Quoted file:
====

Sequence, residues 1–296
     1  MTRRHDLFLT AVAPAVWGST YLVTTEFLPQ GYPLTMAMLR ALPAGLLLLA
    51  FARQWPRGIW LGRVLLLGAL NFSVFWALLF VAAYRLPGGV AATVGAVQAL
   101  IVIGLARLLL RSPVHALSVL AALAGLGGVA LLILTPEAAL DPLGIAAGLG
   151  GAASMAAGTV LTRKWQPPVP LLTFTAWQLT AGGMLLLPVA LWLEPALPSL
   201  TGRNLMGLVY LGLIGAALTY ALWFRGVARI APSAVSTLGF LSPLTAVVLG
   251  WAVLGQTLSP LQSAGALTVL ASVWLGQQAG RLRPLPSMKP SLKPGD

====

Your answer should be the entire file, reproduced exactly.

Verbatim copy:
Sequence, residues 1–296
     1  MTRRHDLFLT AVAPAVWGST YLVTTEFLPQ GYPLTMAMLR ALPAGLLLLA
    51  FARQWPRGIW LGRVLLLGAL NFSVFWALLF VAAYRLPGGV AATVGAVQAL
   101  IVIGLARLLL RSPVHALSVL AALAGLGGVA LLILTPEAAL DPLGIAAGLG
   151  GAASMAAGTV LTRKWQPPVP LLTFTAWQLT AGGMLLLPVA LWLEPALPSL
   201  TGRNLMGLVY LGLIGAALTY ALWFRGVARI APSAVSTLGF LSPLTAVVLG
   251  WAVLGQTLSP LQSAGALTVL ASVWLGQQAG RLRPLPSMKP SLKPGD